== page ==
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In another tape (attributed to Pittsburgh's Evil Mofos From Hell"), pranksters answer a want ad placed by a man running a trucking service. After the man explains that it's not worth his time to haul 50 pounds of dog shit" from the callers' lawn, the insults begin. Within minutes the callers have enraged the victim to the point that he threatens bodily harm before slamming down the phone. Under the guise of apologizing, the pranksters call back and bait the victim into another burst of vitriol, this one climaxing in threats of rape, murder and arson. Suddenly realizing he's plummeted off the deep end, the shaken victim hangs up.

What a sociologist might make of this is anyone's guess, because nobody except perhaps the victims take prank calls seriously.

It's sad that the people in academia, with some exceptions, ignore this stuff as being silly and frivolous because these calls show how people really are," says Nashville-based freelance writer Barry Alfonso, a longtime devotee of what he calls telephone experiments." This kind of absolute, down-to-the-bone, bottom-line, locker-room, man-to-man talk that comes out when people are mad reveals a lot about what some people really think but never say in proper conversation."

Many of the calls also reveal that some folks are a lot more gullible than they'd like to believe. People will believe things that they're told on the phone that they would probably never believe if someone told them in person," contends Alfonso, who outlined one of those calls in the 1987 book Pranks!, a collection of Devious Deeds and Mischievous Mirth": An experimenter" picks a name from the telephone book, dials that number, then tells the person who answers that he's found some keys with the victim's name and address on them.

If you start throwing out various facts and bits of information, they'll connect the dots for you," claims Alfonso. You say you've found some lost keys (that don't exist)-then mysteriously they have lost some keys... . You could say a meteor landed in your backyard, cracked open, and you found their name and address inside, and they would sooner believe that than realize you picked their name out of the phone book." Alfonso claims that calls like those he's described are, for the most part, relatively harmless." The worst thing you've done is make someone feel foolish," he says. And, considering what most people do to each other every day-they lie, they cheat, they cut each other off in traffic-that's not that terrible." Still, Alfonso claims many people feel far more threatened by an anonymous joke call than they would had the caller telephoned for perverse sexual purposes or tried to hoodwink them out of money.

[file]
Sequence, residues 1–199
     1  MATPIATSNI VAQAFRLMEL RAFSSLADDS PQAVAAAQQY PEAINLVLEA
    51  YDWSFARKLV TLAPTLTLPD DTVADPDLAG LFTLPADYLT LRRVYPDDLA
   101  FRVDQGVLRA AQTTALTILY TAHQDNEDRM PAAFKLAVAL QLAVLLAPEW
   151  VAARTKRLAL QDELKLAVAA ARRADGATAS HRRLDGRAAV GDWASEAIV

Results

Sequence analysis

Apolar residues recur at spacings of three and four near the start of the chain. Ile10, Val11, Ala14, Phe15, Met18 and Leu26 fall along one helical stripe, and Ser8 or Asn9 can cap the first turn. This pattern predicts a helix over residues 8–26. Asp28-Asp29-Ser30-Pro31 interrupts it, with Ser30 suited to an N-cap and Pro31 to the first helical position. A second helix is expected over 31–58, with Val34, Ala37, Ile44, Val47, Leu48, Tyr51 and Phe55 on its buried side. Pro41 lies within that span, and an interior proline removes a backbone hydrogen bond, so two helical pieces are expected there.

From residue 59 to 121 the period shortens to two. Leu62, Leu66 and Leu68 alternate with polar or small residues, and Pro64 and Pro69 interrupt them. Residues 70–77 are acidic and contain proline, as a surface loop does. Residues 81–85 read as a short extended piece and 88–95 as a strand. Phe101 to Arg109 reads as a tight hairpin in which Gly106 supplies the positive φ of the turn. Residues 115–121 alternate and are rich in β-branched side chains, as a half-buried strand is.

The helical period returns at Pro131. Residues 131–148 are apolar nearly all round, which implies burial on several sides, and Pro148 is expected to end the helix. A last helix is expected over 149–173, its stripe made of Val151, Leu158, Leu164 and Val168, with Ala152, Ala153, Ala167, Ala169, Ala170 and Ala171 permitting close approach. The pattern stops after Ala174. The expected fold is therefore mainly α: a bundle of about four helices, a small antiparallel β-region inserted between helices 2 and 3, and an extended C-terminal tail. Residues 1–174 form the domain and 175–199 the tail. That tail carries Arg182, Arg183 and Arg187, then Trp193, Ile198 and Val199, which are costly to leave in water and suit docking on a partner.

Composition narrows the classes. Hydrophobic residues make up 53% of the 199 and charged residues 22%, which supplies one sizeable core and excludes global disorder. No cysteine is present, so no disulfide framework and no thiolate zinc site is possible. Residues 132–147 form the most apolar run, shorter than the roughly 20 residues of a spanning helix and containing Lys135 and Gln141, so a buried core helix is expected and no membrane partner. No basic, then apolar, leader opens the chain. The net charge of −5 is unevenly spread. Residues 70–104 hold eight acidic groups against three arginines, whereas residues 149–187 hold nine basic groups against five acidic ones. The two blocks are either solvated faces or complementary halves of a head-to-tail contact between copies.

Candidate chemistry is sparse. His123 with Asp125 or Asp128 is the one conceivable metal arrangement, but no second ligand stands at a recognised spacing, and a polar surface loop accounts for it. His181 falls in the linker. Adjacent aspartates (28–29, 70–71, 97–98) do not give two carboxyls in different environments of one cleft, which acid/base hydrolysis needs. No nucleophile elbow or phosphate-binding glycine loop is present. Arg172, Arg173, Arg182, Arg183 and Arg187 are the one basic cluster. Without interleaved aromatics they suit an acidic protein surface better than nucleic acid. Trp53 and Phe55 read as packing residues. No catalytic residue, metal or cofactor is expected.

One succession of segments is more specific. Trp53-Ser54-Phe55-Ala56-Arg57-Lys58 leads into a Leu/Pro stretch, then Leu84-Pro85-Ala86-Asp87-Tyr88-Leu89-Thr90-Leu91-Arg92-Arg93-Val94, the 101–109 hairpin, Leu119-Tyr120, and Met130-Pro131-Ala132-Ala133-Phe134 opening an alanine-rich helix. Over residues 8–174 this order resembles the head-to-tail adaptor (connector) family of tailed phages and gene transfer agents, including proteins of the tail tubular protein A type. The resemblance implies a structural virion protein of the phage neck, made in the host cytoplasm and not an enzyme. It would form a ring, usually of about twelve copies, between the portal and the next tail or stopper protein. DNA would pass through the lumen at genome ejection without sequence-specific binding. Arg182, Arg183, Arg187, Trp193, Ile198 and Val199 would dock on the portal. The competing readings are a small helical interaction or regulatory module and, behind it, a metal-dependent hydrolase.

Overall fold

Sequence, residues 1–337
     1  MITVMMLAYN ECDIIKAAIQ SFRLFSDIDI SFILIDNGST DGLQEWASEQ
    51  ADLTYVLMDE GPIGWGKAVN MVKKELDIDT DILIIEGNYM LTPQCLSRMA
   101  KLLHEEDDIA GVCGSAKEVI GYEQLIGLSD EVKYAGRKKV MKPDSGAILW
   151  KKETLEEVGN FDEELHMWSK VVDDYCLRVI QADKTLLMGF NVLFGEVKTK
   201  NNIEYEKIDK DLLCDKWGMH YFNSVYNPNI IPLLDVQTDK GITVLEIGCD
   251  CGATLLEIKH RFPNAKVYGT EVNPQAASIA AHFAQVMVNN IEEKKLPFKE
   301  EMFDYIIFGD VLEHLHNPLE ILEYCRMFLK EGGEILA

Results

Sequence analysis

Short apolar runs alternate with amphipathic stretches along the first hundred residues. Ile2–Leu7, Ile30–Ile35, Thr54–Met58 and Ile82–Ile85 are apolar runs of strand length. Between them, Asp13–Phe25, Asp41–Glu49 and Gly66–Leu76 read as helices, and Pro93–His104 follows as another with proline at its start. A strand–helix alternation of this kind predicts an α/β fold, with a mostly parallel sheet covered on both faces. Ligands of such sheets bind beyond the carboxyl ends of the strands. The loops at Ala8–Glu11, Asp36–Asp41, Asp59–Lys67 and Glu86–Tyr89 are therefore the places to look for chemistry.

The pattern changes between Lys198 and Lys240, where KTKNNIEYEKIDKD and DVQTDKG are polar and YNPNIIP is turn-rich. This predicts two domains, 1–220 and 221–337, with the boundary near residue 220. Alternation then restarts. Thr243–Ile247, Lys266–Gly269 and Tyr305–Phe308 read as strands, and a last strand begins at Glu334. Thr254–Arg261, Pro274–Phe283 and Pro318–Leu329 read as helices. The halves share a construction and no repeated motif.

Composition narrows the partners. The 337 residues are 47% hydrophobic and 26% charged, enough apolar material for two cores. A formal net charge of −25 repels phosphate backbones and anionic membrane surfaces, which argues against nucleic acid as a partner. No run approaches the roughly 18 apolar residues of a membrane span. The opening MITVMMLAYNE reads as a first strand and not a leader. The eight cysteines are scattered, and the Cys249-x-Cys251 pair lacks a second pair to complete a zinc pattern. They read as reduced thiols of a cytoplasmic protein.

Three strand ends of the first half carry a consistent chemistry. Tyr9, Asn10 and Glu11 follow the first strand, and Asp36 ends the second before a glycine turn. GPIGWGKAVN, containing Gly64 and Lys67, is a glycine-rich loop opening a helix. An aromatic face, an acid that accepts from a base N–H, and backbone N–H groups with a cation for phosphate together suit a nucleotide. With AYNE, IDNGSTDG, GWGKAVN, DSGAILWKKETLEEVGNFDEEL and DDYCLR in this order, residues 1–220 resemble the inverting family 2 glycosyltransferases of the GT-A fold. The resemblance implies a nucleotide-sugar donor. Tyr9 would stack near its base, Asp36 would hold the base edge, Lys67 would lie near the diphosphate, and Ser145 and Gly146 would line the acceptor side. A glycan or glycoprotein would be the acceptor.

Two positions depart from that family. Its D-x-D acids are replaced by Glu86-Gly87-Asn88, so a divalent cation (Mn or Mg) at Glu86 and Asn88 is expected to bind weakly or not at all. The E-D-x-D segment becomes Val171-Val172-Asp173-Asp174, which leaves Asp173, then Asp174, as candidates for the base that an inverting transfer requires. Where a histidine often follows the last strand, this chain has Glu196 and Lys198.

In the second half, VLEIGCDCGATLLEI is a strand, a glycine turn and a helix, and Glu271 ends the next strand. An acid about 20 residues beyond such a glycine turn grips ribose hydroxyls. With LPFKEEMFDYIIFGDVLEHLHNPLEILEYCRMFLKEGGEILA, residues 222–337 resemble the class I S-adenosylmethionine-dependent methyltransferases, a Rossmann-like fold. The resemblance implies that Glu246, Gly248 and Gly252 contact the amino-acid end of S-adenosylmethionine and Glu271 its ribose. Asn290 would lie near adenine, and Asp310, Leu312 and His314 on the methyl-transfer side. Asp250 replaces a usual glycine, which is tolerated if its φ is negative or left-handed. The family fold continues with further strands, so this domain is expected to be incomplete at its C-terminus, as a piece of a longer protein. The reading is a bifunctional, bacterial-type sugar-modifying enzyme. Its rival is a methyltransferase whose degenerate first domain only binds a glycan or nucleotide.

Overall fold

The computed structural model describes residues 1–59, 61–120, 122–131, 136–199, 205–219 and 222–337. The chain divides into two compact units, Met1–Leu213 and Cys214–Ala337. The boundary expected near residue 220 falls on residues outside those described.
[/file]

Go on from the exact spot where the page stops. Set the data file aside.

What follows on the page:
That, people can understand," explains Alfonso. But the fact that someone would call them as an artistic humorous statement is a very subversive thought to a lot of people. Things that are outside of normal, rational activity are very disturbing to people."

John Trubee agrees. You can call up and tell anyone a bunch of nonsense, but if you tell them in a businesslike voice, in an adult manner, you can get most people to believe anything," he says. But later, when people find out they've been had, it really rattles their sense of reality because they can't understand the motivation behind the reality. Suddenly, they're forced to start questioning everything they see, hear and believe-particularly what they see and hear on TV and radio. And that's not a bad thing."

SEVENTEEN YEARS after the KDIL crew disconnected its telephone, prank calls continued to rock the Phoenix commercial-radio scene. But until recently, it was often the stations themselves that orchestrated the stunts.

KSLX radio morning personality Bob Boze Bell grimaces as he recalls a series of on-air prank calls, all of which backfired in a big way. In one particularly ill-advised stunt of a few years ago, a listener was told he'd receive free airline tickets if he'd call his ex-wife and pretend that he wanted to reconcile.

We thought we'd get a phone call where she'd just be cursing at him, really reading him the riot act," says Bell. Well, he calls her up and tells her he's changed his mind and that he's made a terrible mistake. And, much to our surprise, she says-live, on the air-00`This is kind of sudden. I didn't know this is how you really felt.' Suddenly, it became obvious that she was taking him up on his offer. When we cut in and told her it was just a gag to try to win some airline tickets, she started crying. It was so pathetic, it made your skin crawl."

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Dewey Webb